Build Your Feedback Skills
In most organizations, teamwork provides the foundation for getting things done. A strong team can multiply individual strengths and talents, creating a powerful force for moving a company forward. Of course, the opposite is also true: A poorly led team can waste time without achieving anything positive.
Successful leaders are masters at the art of giving feedback. It’s true that feedback is an art, not a science, because what works in one situation may be counterproductive in another case. Let’s say there is a crisis and a team member has made a key decision before you arrived on the scene. Your immediate feedback might be as simple as, “Good call,” or “Did you think about contacting our lawyer?” At the opposite end of the spectrum is the annual review or assessment, where you comment in detail on a subordinate’s skills, attitudes, accomplishments and areas for improvement.
Although giving feedback is one of the most important communication skills, it receives little attention from the training and development departments in many organizations. If you want to learn how to give better feedback, think of it as a process to be honed, with a beginning, a middle and an end.
The first consideration is when to provide your feedback. Should you comment right away or wait for a while? In an emotional or tense situation, it’s usually best to wait until things settle down and your subordinate or team member will be able to “hear” what you have to say. However, if you wait too long, an incident or issue may be forgotten, and the feedback won’t really matter. Also, if your feedback involves a serious employment-related issue, you should talk to HR or the company attorney before providing your comments.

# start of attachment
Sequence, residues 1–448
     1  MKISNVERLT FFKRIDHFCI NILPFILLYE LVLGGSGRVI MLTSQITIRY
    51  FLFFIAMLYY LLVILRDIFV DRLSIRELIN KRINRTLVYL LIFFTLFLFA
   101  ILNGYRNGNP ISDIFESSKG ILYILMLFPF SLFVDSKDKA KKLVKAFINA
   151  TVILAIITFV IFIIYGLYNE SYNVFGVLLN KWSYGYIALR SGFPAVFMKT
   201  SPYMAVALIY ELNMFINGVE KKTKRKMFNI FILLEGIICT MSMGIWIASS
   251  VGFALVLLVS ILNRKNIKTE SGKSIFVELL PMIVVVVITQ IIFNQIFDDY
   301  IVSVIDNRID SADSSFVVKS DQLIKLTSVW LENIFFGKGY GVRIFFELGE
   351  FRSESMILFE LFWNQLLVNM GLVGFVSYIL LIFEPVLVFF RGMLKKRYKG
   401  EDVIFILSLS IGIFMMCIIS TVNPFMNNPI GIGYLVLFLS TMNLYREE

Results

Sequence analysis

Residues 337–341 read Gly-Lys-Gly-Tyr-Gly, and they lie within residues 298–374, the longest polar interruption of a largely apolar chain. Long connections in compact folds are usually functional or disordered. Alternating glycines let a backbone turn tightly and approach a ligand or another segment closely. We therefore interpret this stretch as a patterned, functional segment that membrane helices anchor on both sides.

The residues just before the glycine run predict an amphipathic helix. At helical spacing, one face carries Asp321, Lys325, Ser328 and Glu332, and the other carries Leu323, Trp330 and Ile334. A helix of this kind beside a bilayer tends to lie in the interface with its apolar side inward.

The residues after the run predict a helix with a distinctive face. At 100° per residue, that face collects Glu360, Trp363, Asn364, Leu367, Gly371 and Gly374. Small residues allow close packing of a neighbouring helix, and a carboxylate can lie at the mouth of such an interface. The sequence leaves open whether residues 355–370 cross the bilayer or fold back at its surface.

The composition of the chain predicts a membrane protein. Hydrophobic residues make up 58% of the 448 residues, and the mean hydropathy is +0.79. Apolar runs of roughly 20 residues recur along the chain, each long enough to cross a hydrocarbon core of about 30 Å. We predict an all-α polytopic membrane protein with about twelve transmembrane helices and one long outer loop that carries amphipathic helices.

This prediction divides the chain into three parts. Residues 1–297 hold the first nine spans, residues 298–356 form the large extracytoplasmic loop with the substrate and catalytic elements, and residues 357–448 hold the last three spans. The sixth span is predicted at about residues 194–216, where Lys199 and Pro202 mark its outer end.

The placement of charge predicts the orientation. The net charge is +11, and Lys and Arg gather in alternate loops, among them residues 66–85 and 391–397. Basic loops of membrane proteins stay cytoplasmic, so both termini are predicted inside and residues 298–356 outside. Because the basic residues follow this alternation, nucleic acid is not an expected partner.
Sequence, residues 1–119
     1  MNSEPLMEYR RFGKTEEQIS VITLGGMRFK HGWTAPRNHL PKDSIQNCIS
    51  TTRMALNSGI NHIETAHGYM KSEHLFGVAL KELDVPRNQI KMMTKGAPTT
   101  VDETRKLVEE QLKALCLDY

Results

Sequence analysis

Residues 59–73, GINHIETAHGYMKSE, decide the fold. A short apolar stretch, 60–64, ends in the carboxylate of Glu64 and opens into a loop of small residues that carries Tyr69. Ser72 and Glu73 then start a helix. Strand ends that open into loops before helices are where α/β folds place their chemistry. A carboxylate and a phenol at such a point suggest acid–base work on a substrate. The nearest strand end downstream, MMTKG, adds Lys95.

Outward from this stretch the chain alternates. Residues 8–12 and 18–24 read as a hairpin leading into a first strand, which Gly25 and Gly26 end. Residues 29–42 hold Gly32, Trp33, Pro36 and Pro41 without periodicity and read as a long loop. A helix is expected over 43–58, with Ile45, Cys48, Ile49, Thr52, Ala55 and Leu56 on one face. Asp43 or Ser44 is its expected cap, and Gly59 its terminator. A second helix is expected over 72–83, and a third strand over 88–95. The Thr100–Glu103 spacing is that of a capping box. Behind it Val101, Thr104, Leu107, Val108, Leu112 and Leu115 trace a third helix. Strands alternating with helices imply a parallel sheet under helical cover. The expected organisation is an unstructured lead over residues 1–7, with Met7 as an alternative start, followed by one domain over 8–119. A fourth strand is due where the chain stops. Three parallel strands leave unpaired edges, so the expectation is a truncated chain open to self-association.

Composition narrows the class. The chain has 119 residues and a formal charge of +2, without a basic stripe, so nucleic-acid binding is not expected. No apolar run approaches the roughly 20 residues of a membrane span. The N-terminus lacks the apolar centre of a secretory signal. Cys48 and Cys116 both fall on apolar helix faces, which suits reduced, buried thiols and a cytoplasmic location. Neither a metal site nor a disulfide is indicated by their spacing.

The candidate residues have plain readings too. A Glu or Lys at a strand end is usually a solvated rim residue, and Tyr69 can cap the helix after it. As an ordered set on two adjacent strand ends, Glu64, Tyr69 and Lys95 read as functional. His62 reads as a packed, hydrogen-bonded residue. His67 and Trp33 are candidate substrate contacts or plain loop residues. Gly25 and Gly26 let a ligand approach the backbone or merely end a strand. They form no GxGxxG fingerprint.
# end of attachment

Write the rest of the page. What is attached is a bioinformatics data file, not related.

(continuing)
The second question is what to say to the other person and how to say it. Positive feedback is usually best given succinctly without adding other comments. Saying, “You did a good job on this project,” has a solid emotional impact. But the good feelings from the praise are lost if you qualify your feedback, such as, “You did a good job on this project, but if you had done A, B or C you would have done much better.”
Many executives find it harder to give negative feedback, and tend to delay those conversations. Others just hammer away at the other person without providing constructive comments. It’s best to think about the desired outcome of the conversation before you begin, particularly if you want to see an improvement in performance. One common technique is called the “sandwich” approach: two slices of positive comments that surround a negative message. This approach could go something like this: “You have made significant contributions to our team this year, and have identified some great growth opportunities. However, you need to improve your expense management skills. I’ll coach you in that area and I’m sure these improvements will compliment your eye for growth and be a real asset to our team in the coming year.”
In many cases, giving your feedback brings the process to an end. But sometimes you need to follow up afterwards to be sure the other person understands your feedback and has made any necessary changes. Knowing when to keep those interactions going is a skill that contributes to the art of effective leadership.